Preventing Bug Attacks

Some of these setups work better than others for different types of bug bivies. If you’re expecting bugs, the most versatile bivy is an Outdoor Research Bug Bivy. The Granite Gear Haven Tarp is a great option for two using a standard A-frame tarp pitch.

Increasing Space by Using Lifter lines or Extra Guy Lines

A lifter line is simply a guy line that pulls upward to create headroom under the tarp. It’s easy to add extra guy points to any tarp. Find a small round rock about the size of a quarter. Hold the rock on the inside of the tarp and from the outside pinch the rock, wrap a line around the tarp, so the rock is secured into the tarp and tie a clove hitch to hold the rock. This creates an extra lifter line or guy line.

To use a lifter line, attach the new guy line to a stick or paddle about a foot or two above the height of the new line, then run the extra line out and stake to the ground. This can make any tarp more comfortable and more secure in wind.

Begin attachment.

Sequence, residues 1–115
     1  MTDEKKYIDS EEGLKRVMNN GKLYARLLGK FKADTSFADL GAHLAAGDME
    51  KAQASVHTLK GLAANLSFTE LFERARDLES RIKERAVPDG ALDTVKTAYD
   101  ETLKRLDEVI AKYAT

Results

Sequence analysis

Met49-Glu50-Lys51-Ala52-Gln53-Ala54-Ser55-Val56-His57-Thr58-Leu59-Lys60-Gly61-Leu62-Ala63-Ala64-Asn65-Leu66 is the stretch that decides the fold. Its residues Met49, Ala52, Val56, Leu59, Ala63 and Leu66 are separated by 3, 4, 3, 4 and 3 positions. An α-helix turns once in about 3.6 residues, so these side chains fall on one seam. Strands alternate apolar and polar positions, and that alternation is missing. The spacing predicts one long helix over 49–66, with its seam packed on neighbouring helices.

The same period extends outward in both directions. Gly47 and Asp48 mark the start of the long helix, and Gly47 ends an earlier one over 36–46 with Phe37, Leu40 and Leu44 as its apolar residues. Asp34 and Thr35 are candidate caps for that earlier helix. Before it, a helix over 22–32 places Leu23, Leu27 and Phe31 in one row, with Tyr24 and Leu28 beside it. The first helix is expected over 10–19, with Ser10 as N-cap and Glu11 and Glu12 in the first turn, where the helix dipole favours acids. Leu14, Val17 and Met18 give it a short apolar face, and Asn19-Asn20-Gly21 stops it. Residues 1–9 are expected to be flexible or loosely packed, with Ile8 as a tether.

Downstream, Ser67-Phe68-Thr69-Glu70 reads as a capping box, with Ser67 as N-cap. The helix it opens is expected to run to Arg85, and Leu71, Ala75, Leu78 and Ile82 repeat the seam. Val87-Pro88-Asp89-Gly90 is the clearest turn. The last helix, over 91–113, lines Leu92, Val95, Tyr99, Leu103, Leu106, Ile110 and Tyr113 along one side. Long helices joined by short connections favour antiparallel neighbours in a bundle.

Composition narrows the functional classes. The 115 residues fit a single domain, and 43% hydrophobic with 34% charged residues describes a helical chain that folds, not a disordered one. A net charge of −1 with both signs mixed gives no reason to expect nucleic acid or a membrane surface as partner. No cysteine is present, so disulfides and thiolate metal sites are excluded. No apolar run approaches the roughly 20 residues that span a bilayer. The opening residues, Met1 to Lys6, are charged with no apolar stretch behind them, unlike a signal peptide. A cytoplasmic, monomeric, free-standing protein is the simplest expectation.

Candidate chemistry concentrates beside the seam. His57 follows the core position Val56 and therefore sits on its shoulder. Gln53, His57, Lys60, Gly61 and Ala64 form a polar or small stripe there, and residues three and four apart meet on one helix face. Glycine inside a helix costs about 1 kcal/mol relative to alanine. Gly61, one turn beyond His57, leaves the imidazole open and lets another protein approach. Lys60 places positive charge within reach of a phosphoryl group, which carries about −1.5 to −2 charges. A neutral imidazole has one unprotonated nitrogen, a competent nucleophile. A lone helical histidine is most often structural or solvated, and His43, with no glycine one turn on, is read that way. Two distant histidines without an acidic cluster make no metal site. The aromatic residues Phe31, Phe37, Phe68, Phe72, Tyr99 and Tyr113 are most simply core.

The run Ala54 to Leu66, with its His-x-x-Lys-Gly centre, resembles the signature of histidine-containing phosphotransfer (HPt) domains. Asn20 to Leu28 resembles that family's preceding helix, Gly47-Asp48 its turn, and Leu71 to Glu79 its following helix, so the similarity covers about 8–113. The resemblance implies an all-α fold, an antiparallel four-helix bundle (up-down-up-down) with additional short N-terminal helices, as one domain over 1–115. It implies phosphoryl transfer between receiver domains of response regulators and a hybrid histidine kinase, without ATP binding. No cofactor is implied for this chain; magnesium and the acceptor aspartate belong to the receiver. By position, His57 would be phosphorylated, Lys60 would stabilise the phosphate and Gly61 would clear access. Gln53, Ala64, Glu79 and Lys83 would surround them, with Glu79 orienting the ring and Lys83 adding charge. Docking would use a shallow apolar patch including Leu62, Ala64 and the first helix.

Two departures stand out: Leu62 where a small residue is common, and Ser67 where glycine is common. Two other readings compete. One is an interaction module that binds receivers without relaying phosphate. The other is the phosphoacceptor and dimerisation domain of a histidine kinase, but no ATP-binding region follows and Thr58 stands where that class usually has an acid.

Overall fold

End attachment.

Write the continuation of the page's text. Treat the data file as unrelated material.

Three Tarp setups

These are three tarp setups that provide a good cross-section of features, weatherproofness. Some of these setups have many variations.

Note: I used trekking poles for demonstration purposes, but paddles and sticks work just as well.

hansel_bryan_090706-99Name: Cornet
Three stakes, one pole, and a very quick setup gets the sleeping space out of the wind and is great for a solo camper. Instead of tucking the extra fabric inside, the fabric can be staked out and the pole pitched higher for more room on calmer nights or in protected areas.

To setup: Stake out the back center point, then stake out the front corner on one side. Wrap the center ridgeline around your paddle with a clove hitch or a simple wrap and stake out the line which will hold the paddle up and provide tension to all the points that have been staked out. Stake out the other front corner and tuck any loose fabric under the tarp to use as a ground cloth.

  • Advantages: Very windproof, semi-built-in ground cloth, easy to set up, only three stakes required.